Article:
LDLs are the most common fat-and-protein particles in your body. Like their parents, the VLDLs and their cousins the IDLs, LDLs are soft enough to squeeze between the cells of your blood vessel walls, dragging cholesterol into your coronary arteries (the blood vessels leading away from your heart).
Once inside an artery, cholesterol particles may get caught on the infinite number of chinks in the artery wall. Stuck in place, the cholesterol now snags other particles floating by, eventually creating deposits called plaque. In time, the plaque on the artery wall may grow thick enough to block the flow of blood through the blood vessel, or a piece of plaque may break off, triggering the formation of a blood clot that can also block the artery. Either way, the sequence is called a heart attack.
As a general rule, heart docs assume that the more cholesterol you have floating through your bloodstream — especially the “bad” LDL cholesterol — the higher your risk for plaque build-up in your arteries and the higher your risk of a heart attack. In other words, to lower your risk of heart attack, you must lower your cholesterol, particularly those “bad” LDLs.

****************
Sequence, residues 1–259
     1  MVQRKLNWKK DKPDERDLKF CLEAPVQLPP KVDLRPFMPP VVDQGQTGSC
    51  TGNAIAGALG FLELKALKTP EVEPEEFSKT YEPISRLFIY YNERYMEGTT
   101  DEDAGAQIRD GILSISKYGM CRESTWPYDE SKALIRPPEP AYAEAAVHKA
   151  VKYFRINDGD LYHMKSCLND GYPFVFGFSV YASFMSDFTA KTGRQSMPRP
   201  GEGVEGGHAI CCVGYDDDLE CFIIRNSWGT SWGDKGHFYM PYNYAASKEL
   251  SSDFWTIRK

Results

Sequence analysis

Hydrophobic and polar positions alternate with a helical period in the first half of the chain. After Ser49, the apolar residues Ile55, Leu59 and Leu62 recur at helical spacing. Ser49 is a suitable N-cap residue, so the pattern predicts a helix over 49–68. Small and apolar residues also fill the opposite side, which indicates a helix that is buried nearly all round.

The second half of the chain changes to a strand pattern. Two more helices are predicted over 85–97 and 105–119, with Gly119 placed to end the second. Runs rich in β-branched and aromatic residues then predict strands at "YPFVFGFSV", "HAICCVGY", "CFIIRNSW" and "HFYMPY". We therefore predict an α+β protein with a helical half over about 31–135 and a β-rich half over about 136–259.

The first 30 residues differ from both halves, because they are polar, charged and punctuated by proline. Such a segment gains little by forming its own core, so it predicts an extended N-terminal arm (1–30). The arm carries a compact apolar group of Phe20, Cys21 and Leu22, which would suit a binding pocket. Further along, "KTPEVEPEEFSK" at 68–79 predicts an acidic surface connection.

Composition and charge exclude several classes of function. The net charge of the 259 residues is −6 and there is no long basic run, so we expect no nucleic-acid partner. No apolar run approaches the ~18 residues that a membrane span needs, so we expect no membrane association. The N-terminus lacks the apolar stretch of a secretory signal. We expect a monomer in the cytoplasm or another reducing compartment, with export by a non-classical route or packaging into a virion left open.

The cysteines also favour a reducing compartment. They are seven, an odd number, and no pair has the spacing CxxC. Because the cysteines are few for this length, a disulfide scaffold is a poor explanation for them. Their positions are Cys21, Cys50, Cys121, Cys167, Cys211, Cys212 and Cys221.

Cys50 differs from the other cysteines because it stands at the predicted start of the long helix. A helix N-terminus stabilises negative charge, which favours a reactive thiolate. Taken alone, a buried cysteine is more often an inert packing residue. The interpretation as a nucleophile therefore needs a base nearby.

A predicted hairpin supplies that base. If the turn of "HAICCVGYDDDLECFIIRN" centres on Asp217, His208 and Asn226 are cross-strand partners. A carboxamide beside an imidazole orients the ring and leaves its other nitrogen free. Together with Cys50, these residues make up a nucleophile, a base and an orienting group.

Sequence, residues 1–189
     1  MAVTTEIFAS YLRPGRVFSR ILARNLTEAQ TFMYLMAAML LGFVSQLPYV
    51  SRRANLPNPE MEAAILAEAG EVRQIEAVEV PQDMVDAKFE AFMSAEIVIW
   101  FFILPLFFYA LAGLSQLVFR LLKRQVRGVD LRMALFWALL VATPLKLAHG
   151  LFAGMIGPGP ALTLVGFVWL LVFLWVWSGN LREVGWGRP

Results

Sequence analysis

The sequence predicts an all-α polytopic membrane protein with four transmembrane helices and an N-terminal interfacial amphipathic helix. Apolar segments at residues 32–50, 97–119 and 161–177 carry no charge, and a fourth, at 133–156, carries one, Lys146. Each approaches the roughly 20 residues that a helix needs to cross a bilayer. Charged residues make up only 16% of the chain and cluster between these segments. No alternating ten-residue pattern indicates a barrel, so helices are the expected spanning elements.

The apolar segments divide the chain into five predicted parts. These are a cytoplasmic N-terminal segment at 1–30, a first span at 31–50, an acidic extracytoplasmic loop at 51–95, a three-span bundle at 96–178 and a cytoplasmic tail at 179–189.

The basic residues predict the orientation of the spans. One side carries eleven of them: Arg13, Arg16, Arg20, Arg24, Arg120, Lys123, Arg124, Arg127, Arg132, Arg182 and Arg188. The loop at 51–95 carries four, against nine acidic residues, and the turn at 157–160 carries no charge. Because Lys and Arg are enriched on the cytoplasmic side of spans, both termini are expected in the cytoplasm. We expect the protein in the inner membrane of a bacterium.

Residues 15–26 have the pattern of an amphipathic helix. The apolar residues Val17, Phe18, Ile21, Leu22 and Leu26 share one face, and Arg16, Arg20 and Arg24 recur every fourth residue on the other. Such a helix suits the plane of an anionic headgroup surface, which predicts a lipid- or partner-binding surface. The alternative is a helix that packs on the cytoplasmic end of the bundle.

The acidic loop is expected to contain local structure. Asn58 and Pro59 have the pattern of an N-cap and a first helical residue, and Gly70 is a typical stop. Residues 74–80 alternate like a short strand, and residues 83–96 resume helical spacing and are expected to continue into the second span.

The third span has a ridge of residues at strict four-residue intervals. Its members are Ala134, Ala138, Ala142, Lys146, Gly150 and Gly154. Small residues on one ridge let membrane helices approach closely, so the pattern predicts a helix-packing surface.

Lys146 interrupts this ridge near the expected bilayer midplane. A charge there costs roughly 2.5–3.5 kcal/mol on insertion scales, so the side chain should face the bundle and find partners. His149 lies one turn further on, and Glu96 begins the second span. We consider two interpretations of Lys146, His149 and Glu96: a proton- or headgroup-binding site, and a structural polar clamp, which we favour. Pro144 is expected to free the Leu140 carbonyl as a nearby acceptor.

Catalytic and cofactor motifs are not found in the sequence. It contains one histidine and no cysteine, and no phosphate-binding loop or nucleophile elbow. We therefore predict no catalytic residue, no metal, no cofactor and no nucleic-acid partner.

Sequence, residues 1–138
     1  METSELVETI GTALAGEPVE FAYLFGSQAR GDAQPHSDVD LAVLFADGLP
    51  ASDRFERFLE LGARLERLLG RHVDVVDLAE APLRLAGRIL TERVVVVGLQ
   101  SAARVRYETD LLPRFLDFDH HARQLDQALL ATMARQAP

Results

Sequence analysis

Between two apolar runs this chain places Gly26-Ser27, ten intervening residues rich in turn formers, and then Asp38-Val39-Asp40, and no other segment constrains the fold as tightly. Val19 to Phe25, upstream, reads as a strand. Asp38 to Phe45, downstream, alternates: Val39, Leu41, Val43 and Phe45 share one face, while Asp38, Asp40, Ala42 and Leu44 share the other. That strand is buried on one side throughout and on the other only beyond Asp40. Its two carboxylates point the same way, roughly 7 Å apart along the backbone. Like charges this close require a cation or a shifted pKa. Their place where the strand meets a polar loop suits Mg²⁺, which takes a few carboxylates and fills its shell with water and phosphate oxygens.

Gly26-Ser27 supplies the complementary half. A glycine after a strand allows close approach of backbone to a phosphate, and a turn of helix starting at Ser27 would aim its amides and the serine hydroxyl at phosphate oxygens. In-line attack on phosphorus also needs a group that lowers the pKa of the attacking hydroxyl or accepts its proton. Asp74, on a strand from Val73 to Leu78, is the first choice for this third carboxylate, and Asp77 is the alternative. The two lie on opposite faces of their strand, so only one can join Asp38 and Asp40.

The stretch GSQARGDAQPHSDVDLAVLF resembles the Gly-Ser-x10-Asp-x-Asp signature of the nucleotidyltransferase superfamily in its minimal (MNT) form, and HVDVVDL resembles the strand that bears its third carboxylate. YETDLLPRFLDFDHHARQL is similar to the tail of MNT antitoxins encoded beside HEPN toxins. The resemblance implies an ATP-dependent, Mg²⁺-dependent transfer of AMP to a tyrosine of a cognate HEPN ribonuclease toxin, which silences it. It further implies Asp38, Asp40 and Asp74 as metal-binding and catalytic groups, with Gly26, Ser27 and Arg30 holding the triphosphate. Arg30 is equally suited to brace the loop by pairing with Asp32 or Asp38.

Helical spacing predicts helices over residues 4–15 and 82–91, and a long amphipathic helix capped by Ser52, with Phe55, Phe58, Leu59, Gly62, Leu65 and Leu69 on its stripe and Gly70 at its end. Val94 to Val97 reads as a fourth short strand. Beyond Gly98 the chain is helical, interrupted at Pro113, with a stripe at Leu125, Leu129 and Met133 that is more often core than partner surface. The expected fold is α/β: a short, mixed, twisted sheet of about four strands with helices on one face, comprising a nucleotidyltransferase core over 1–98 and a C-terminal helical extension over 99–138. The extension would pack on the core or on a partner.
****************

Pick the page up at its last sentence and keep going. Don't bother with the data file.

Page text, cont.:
But this simple equation may not be the solution for every human body. In December 2007, the results from a clinical trial of the new drug ezetimibe (Zetia) showed that taking the medicine, either alone or in combination with the statin drug simvastatin (Zocor), definitely lowered “bad” cholesterol, but also hastened the buildup of arterial plaque for some of the people in the trial.
In other words, simply lowering their LDLs did not protect these people from a heart attack. Something else, such as an individual tendency to pile up arterial plaque, also seemed to be at work. (Conversely, people with high cholesterol but clear arteries may have the opposite attribute — an inherent ability to resist plaque — that explains the puzzle of why some people with high cholesterol do not have heart attacks.)